Contagious: Autoimmune diseases


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About contagion: Contagion and contagiousness refers to how easily the spread of Autoimmune diseases is possible from one person to another. Other words for contagion include "infection", "infectiousness", "transmission" or "transmissability". Contagiousness has nothing to do with genetics or inheriting diseases from parents. For an overview of contagion, see Introduction to Contagion.

Contagiousness of Autoimmune diseases: Autoimmune diseases are not normally contagious. You cannot catch an autoimmune disease from another person like you can a virus or bacteria. Autoimmune diseases are not contagious by sex or by blood. The only known transfer of autoimmunity occurs between mother and fetus during pregnancy, and is still rare even in affected mothers.

Even autoimmune diseases caused by white blood cells do not seem to be contagious by shared needles, blood transfusion or organ transplant. Although we are unaware of direct research on this issue, what may happen is that the number of white blood cells transferred by these methods is relatively small. The normal white blood cells and other normal immune controls presumably neutralize any disease-causing properties of the autoimmune person's white blood cells.

Researchers have been able to transfer some autoimmune diseases in mice by transferring certain white blood cells. However, this only occurs when the mice are already immune-deficient specially bred mice, who are already prone to autoimmune disease. Thus, autoimmune diseases may be theoretically transmissible by blood transfusions to an already immunocompromised person, but we are unware of any actual case of this occurring.

Mother-to-fetus transmission of autoimmune disease can occur. For example, mothers with lupus can give birth to babies with neonatal lupus; similarly myasthenia gravis can cause neonatal myasthenia gravis.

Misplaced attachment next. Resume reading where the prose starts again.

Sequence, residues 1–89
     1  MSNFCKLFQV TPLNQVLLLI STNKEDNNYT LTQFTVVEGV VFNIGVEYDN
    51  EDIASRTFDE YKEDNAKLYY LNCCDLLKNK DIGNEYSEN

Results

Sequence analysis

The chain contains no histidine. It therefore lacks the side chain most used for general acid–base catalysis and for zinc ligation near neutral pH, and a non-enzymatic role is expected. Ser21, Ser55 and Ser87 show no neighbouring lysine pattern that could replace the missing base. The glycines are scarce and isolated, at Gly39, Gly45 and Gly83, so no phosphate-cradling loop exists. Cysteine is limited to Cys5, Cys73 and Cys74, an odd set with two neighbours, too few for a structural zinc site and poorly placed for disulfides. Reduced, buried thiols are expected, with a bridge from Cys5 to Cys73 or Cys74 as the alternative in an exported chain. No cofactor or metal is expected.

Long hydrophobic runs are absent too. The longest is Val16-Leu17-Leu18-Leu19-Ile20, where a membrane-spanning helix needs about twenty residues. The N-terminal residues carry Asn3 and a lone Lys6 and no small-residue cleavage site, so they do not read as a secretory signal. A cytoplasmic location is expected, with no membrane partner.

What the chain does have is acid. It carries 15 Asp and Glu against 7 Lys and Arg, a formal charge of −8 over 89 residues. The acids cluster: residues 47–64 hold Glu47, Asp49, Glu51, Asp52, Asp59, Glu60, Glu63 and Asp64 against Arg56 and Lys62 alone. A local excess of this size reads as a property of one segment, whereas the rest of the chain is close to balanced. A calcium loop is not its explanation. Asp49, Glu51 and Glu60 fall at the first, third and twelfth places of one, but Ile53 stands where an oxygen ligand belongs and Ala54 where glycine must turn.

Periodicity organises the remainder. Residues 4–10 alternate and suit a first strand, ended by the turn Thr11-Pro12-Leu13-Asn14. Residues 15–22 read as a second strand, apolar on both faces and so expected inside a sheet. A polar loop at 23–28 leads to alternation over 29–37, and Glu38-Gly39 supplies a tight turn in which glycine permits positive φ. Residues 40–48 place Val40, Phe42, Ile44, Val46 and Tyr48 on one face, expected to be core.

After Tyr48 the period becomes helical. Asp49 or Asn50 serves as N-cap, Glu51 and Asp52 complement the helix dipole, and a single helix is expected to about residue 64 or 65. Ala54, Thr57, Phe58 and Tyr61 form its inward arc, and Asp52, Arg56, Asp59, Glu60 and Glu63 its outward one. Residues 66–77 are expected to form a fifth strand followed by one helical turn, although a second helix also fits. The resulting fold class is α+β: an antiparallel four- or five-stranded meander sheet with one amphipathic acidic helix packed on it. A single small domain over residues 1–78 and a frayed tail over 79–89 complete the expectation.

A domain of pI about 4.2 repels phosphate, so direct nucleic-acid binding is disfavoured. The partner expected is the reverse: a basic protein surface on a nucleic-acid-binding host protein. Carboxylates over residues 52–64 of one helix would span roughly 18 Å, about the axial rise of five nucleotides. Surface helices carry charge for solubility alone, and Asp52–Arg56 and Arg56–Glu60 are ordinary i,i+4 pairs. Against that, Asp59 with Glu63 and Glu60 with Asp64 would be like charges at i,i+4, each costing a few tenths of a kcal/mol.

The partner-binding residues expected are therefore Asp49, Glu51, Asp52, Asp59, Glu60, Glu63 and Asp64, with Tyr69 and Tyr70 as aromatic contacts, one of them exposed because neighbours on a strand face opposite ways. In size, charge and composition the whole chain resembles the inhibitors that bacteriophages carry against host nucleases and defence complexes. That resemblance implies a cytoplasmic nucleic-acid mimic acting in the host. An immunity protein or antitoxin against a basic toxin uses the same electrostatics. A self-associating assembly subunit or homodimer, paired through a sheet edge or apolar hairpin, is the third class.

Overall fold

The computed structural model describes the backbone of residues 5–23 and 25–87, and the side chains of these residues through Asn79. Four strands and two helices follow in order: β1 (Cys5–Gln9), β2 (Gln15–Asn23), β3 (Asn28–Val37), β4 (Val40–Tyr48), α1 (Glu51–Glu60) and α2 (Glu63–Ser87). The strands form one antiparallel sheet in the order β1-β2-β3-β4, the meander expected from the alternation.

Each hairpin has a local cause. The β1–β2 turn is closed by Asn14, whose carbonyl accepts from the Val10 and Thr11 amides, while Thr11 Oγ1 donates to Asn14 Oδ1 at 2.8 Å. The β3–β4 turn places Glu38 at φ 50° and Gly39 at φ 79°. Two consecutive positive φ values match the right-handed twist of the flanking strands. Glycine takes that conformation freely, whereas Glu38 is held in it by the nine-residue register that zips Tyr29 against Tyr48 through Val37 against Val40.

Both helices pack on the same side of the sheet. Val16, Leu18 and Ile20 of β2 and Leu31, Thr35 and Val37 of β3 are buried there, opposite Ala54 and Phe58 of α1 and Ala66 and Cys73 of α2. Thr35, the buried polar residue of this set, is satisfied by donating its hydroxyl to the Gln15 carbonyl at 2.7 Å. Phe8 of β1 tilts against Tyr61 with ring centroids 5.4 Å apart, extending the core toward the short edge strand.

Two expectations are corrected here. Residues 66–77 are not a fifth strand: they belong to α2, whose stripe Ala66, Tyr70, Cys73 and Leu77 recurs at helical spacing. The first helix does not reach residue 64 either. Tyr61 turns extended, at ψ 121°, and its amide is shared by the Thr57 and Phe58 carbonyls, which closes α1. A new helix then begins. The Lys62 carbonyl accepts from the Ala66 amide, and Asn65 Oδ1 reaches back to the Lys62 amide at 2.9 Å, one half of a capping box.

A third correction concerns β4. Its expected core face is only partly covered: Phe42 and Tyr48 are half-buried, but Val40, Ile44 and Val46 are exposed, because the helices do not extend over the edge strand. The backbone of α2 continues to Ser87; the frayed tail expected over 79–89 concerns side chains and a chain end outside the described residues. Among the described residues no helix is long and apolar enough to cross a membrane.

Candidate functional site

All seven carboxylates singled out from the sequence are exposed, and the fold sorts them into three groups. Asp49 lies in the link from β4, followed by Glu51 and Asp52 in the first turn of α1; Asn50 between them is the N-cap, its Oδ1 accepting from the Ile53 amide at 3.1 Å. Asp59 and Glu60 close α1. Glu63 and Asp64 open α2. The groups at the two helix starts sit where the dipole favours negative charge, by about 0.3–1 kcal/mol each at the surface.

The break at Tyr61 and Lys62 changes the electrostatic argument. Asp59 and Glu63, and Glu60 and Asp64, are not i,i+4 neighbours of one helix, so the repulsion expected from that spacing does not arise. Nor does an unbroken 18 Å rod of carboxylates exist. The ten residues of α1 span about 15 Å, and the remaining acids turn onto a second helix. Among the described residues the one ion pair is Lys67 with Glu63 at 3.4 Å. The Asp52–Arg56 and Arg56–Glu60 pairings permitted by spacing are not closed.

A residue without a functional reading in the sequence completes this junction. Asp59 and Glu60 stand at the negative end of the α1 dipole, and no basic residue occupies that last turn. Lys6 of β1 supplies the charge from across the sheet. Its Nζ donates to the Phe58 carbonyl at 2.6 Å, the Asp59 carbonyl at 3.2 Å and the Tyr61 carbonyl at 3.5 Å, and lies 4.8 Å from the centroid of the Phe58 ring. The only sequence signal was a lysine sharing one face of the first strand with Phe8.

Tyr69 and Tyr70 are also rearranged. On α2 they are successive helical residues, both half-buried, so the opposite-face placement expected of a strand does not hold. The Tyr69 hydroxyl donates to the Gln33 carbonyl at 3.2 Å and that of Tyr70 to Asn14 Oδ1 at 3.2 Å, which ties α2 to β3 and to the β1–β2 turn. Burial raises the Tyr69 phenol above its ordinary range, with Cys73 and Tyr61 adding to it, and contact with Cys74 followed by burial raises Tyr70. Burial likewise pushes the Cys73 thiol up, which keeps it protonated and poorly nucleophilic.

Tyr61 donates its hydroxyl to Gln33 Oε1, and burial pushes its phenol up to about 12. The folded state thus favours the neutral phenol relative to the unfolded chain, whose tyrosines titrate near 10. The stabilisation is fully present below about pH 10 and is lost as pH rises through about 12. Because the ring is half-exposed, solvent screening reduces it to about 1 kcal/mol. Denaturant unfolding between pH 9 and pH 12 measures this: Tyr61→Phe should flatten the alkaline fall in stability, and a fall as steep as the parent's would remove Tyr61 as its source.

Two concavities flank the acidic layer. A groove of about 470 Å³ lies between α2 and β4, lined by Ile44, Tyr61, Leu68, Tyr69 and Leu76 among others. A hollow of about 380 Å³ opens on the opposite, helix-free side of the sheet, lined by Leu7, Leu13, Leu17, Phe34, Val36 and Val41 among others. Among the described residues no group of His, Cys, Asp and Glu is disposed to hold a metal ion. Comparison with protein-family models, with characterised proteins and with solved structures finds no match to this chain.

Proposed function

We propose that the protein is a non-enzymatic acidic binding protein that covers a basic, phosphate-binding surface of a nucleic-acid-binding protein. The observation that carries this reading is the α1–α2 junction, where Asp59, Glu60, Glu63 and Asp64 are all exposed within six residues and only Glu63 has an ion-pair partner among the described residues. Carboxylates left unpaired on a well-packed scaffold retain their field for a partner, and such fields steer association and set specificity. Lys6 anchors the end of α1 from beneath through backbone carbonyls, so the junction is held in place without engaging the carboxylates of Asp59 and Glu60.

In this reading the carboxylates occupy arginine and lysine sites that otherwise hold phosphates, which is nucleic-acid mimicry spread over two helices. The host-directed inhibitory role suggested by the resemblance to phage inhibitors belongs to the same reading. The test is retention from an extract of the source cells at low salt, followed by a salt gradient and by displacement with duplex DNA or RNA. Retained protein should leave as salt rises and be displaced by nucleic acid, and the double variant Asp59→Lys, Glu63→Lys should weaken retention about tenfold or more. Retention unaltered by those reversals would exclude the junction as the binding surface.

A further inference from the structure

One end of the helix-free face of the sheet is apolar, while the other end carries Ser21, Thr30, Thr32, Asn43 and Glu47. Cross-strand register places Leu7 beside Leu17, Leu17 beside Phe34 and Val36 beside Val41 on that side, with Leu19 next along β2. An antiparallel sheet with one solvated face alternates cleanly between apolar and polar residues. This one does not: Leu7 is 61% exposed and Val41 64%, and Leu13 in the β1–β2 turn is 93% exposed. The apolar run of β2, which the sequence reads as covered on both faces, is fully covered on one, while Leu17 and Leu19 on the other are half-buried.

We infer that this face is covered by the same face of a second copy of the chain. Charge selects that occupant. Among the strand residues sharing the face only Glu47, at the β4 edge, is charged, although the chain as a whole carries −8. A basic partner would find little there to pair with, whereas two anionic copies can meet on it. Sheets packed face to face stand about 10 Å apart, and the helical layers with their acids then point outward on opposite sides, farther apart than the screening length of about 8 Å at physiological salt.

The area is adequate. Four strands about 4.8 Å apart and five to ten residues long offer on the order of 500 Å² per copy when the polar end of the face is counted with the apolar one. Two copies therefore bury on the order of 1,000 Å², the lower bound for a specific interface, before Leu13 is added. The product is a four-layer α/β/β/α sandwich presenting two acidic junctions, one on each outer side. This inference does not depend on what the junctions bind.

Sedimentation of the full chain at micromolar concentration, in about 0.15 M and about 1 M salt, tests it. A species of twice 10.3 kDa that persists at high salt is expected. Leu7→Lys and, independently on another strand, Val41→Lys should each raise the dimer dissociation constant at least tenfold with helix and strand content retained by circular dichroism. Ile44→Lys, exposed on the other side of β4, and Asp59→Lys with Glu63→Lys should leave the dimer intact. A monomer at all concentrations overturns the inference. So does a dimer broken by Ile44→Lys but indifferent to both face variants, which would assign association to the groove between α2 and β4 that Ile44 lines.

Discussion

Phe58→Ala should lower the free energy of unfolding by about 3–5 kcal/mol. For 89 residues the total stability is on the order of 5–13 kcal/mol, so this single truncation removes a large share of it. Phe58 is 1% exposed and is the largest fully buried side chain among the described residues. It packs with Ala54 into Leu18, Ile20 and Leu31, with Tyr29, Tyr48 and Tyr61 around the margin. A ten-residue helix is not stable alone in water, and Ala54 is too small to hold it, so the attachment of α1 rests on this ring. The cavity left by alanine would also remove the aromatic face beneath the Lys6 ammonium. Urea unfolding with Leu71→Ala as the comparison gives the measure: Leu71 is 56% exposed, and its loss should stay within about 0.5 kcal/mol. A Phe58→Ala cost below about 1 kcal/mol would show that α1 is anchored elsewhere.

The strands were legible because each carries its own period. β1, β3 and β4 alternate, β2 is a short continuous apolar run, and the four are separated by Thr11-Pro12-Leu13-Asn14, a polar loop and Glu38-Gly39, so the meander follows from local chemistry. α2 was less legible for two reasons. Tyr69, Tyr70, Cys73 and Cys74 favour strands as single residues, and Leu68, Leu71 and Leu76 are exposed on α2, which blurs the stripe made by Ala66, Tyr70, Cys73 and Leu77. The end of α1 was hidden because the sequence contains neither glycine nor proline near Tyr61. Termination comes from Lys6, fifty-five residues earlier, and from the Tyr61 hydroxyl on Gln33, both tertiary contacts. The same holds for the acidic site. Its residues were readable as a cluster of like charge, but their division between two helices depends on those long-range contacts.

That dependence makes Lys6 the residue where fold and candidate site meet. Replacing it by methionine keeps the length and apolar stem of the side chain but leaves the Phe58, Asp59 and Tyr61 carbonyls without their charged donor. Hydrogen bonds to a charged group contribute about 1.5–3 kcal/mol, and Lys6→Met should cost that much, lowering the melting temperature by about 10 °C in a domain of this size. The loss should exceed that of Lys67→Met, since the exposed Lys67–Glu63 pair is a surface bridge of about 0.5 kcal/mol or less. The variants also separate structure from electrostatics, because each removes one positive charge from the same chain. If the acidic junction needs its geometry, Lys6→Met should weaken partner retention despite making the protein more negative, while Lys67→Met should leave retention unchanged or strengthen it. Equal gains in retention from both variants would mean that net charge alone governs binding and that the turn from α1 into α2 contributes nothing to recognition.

Organ transplants are also unlikely to transfer autoimmune disease, if at all. Presumably, the amount of white blood cells is still relatively small, and the person's normal immune system handles it (even though transplant patients are immunocompromised). The main disease from organ transplants is graft-versus-host disease, which is a special type of disease only occurring in transplant patients. This is not the same issue as a person getting an autoimmune disease after an organ transplant.


Contagiousness properties of Autoimmune diseases:
  Contagious overall?: Yes but extremely unlikely, only in rare mother-to-fetus contagion.
  Contagious by droplet?: No
  Contagious airborne?: No
  Contagious by sex?: No
  Contagious by physical contact (non-sexual)?: No
  Contagious from saliva?: No
  Contagious from blood?: No.
  Contagious from blood transfusion?: No, only theoretically possible (no cases known in our research).
  Contagious from intravenous needle usage?: No.
  Contagious from needlestick injury?: No.
  Contagious from organ transplant?: Extremely unlikely, only theoretically possible (no cases known in our research).
  Contagious from mother to fetus (transplacental)?: Yes, in rare cases, see neonatal lupus and neonatal myasthenia gravis.
  Contagious breastfeeding mother to infant?: No
  Contagious from insect bite (or exposure)?: No

Contagion summary: No autoimmune disease has ever been shown to be contagious or "catching." Autoimmune diseases do not spread to other people like infections. They are not related to AIDS, nor are they a type of cancer. 1

Footnotes:
1. excerpt from Understanding Autoimmune Disease: NIAID

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